While chronic systemic inflammation in obstructive sleep apnea (OSA) has been traditionally considered a consequence of intermittent hypoxia, several treatment studies targeting inflammation suggest that this process may precede the development of the disorder. A recent cross-sectional study in the Penn State Child Cohort (PSCC) revealed that inflammation largely mediates the association between visceral adiposity and OSA in adolescence. The purpose of this study was to examine for the first time whether, longitudinally, inflammation precedes OSA during this developmental period. A subsample of the PSCC with longitudinal sleep and inflammation data (n = 51) was included in this study. Participants underwent 9-h polysomnography (22:00–7:00), physical exam, and fasting morning blood draw at both time points. Plasma C-reactive protein (CRP) was measured via ELISA. At follow-up, visceral, subcutaneous, and total fat area were assessed via dual X-ray absorptiometry. Sex differences in body composition emerged in adolescence, with boys having more visceral adiposity than girls. Longitudinal increases in waist circumference from childhood to adolescence were associated with increases in CRP (ΔCRP) and follow-up CRP in boys, but not girls. Furthermore, in boys, ΔCRP was associated with higher follow-up apnea/hypopnea index (AHI). When ΔCRP was entered into a model predicting follow-up AHI, Δwaist circumference was no longer significant, indicating that inflammation largely explains the association between increasing central obesity and OSA severity. These preliminary findings, in a longitudinal, non-clinical sample of children developing OSA, suggest that inflammation derived from visceral adipose tissue precedes the development of the disorder, suggesting a potential causal mechanism.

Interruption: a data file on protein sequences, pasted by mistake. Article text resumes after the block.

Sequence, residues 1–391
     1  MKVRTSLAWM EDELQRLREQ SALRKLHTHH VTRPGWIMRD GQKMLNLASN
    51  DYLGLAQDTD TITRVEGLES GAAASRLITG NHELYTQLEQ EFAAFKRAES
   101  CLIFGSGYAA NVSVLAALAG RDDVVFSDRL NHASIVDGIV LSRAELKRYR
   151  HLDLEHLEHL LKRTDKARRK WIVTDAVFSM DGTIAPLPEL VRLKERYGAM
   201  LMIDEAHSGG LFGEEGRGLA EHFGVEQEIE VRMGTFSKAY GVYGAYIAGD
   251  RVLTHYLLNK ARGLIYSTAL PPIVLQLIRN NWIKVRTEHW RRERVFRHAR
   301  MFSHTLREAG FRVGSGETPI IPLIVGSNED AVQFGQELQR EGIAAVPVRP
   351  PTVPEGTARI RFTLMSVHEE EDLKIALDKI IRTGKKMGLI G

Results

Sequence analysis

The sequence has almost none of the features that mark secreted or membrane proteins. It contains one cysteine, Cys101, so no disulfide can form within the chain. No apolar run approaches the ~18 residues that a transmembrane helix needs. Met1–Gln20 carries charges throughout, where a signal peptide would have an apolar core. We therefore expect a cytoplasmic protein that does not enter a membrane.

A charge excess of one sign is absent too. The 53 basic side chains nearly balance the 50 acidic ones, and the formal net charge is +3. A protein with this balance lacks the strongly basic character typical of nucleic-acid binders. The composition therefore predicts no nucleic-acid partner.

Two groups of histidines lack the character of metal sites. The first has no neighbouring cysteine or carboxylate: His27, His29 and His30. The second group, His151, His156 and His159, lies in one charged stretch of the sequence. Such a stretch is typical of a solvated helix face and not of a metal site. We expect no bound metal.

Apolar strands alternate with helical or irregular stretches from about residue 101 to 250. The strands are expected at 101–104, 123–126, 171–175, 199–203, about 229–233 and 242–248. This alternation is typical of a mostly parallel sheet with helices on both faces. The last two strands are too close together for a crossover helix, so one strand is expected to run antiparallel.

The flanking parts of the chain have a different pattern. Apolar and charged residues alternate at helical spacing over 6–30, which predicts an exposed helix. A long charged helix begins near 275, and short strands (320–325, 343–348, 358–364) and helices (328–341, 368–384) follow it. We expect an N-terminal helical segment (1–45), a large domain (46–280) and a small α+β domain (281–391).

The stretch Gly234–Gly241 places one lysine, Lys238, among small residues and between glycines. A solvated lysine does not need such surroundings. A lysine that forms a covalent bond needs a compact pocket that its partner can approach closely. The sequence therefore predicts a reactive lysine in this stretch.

All Science Journal Classification (ASJC) codes
- Endocrine and Autonomic Systems
- Behavioral Neuroscience